Brian Maloney, The Radio Equalizer, January 7, 2009
To the long list of previously-mundane expressions now considered derogatory by the Obamist political faction, add “tricked out”.
Yes, according to close Barack friend and Massachusetts First Lady Diane Patrick, the use of “tricked out” to describe Governor Deval Patrick’s publicly-funded Cadillac is “racist” because the term is apparently used to disparage black people.
Though Patrick aimed her tirade at the Boston Herald, it was one of several Boston-area news outlets that ridiculed the Bay State governor after trading in a more modest state vehicle for a brand new Caddy.
Diane Patrick’s sentiments were revealed in a new book by far-left Obamist commentator Gwen Ifill, The Breakthrough: Politics and Race in the Age of Obama.
According to reporter Hillary Chabot, Herald editors are standing by their previous coverage on the matter:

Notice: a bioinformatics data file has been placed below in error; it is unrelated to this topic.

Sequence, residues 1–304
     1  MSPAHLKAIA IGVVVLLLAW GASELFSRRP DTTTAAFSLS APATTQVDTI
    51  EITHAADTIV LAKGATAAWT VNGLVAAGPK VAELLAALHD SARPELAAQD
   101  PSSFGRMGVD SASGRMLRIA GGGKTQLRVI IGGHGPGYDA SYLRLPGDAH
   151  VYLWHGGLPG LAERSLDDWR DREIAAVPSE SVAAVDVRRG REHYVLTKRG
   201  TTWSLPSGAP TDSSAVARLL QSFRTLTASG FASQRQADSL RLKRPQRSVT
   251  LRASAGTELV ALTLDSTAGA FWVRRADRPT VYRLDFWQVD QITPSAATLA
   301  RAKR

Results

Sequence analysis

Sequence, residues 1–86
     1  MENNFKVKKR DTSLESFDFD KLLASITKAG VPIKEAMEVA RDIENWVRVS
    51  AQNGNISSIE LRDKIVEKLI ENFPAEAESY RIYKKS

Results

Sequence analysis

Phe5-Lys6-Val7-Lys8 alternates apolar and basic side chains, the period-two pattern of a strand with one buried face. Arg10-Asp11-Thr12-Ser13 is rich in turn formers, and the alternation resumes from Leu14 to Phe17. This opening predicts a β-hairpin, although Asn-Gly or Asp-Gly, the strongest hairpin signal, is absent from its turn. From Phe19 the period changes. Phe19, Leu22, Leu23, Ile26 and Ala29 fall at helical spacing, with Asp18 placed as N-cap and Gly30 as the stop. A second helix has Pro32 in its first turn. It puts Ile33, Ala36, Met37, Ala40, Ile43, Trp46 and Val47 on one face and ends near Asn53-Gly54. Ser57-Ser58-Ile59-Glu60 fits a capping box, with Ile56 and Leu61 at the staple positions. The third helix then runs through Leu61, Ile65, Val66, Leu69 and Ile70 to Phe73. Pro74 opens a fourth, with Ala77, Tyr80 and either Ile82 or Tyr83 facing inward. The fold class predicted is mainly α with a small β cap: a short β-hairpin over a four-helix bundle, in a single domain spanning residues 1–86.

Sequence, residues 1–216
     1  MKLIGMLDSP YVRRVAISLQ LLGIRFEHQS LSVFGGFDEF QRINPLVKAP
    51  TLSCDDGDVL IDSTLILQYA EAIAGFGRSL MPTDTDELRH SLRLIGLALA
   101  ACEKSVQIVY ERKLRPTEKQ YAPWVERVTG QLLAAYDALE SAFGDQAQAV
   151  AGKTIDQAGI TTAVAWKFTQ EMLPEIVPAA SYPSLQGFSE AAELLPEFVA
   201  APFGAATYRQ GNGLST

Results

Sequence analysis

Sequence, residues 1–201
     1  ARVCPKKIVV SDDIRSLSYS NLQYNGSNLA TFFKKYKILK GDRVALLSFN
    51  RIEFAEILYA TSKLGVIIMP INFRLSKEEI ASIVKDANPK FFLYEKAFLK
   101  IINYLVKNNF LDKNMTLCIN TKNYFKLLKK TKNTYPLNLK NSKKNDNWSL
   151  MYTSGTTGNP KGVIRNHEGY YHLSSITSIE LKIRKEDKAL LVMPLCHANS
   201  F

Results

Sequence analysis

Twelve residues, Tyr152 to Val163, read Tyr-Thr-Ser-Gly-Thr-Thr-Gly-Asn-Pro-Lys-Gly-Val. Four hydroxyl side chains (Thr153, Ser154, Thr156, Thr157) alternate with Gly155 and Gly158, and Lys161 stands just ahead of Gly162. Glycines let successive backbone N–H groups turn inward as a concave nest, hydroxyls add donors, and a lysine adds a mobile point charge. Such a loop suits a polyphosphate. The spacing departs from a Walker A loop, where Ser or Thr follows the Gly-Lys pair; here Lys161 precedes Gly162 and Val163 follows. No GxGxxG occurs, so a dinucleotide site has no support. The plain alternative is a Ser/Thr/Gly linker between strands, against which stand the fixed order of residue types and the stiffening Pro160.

It didn’t have boom boxes, speakers on the outside, but they called it tricked-out,” Ifill quoted Patrick as saying.
Herald Editor Kevin Convey said the term “tricked out” had no racist implications.
“We’re sorry that the first lady feels the way she does, but the term ‘tricked out’ as a synonym for decorated or adorned is over 100 years old and has no racial connotation whatsoever. Moreover we meant none,” Convey said.
Gov. Patrick raised eyebrows when he switched his state car from a Crown Victoria to a Cadillac DTS and upgraded his office with $12,000 drapes and new sofas shortly after he took office in 2007. Patrick had also hired a $72,000 chief of staff for his wife.
Admitting he mistepped, Patrick later moved to pay for the Cadillac and the staffer stepped down.
Convey couldn’t be more on the mark here. In fact, the term “tricked out” has recently been used in this widely-viewed television commercial for Progressive Auto Insurance, a company run by one of Air America Radio’s earliest financial backers:
We’ve truly entered an era where any and all criticism of the Obamists can be labeled “racist”, with Barack & Friends as the final arbiters of what is and what is not considered a slur.